These changes mean that manufacturers will now report on more than 110 mobile phone features as part of the Global Accessibility Reporting Initiative (GARI) available online at www.mobileaccessibility.info. GARI was launched in 2009 and is administered by the Mobile Manufacturers Forum (MMF).
"These changes are a direct result of our discussions with users and groups around the world and will make it even easier for consumers to find a phone that will meet their individual needs," said Michael Milligan, secretary general of the MMF.
New features to be reported on include whether a particular phone has:
- Adjustable maximum volume control for those with limited or poor hearing;
- A front facing camera that can be used by deaf people to sign or for those with limited dexterity to use two-way video conferencing rather than having to hold and use the phone in a conventional way;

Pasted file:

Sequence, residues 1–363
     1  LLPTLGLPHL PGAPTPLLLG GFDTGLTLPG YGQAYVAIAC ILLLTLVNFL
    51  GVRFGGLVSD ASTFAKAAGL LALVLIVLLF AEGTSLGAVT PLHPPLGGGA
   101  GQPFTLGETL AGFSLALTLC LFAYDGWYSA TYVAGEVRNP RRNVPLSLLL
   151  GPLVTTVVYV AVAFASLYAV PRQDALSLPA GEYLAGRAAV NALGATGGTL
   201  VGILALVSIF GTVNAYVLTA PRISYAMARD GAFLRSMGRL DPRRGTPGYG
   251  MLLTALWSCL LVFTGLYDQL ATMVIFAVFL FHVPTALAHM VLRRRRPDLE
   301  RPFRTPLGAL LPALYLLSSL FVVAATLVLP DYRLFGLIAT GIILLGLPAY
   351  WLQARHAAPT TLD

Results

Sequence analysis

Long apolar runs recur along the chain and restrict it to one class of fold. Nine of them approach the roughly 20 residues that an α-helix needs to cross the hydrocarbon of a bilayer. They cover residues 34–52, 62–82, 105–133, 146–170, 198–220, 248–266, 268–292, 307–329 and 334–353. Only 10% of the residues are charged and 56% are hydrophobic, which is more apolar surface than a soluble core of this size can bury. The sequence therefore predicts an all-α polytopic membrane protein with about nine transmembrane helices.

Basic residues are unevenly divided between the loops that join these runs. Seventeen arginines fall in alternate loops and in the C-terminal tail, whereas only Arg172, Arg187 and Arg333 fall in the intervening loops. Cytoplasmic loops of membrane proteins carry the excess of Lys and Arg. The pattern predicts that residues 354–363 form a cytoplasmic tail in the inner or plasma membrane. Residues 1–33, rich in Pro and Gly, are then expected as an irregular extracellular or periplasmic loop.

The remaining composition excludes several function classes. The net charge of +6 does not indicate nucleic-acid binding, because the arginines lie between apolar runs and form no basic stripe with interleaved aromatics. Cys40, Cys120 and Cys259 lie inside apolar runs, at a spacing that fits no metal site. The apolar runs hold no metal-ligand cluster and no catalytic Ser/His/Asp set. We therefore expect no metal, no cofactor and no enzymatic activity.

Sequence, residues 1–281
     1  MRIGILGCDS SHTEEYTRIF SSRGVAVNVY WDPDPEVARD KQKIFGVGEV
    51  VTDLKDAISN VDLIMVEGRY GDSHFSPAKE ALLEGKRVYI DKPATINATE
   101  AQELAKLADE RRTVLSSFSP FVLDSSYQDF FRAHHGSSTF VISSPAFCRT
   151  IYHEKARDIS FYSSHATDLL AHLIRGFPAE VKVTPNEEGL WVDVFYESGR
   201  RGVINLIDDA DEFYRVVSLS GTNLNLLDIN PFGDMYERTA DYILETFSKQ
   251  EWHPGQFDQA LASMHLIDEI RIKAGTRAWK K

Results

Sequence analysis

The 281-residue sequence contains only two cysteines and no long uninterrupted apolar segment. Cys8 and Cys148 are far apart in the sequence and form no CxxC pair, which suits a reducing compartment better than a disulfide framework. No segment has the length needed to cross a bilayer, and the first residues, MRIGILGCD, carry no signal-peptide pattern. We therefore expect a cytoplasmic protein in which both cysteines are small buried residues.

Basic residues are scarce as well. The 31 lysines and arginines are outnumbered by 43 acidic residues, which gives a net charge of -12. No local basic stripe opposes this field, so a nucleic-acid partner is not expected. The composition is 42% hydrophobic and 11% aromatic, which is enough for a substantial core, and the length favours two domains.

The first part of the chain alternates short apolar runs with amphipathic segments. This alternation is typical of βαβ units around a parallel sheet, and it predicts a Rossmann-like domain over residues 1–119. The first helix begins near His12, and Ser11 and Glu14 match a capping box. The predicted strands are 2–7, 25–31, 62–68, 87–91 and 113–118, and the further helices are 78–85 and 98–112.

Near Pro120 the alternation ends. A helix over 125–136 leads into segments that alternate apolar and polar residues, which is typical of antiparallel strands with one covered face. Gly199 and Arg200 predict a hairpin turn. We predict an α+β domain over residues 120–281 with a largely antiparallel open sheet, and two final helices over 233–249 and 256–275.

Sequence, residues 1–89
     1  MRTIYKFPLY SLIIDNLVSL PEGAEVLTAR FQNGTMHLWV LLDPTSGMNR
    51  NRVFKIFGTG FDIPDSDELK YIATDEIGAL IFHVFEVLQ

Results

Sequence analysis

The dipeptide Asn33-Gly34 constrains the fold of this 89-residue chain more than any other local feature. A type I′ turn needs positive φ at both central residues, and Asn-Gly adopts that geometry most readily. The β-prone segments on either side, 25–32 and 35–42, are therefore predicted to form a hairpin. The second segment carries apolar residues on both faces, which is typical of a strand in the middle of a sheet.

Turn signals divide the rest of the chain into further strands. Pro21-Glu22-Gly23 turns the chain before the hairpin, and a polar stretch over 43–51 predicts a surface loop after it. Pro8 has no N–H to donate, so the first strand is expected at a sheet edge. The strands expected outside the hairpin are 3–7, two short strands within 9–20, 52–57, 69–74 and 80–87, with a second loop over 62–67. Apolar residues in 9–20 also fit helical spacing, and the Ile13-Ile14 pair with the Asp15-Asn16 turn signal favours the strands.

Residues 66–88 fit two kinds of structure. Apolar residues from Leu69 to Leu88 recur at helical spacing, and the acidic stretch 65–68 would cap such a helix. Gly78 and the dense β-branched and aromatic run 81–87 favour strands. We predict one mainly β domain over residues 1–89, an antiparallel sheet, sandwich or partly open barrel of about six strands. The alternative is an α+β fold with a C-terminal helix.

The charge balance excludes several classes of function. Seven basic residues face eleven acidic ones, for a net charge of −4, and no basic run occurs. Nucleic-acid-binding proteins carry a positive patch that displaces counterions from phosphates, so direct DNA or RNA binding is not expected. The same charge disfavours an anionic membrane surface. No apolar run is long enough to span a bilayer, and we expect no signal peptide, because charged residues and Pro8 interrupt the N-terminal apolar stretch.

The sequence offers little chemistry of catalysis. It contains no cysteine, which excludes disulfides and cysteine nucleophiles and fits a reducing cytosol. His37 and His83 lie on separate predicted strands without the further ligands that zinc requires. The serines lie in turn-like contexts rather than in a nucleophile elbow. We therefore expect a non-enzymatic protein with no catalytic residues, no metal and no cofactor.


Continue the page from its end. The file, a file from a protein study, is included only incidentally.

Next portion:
- High contrast display mode that can help people read the screen where there is a high ambient light level or where they have impaired vision;
- Voice notes; which can help those who have short term memory loss to remember things that may otherwise be forgotten.
"Of course these features can be of interest to all mobile phone users, but for those with a disability they can make a big difference in the way you can use your phone and to communicate with others - so their value is even higher," added Milligan.
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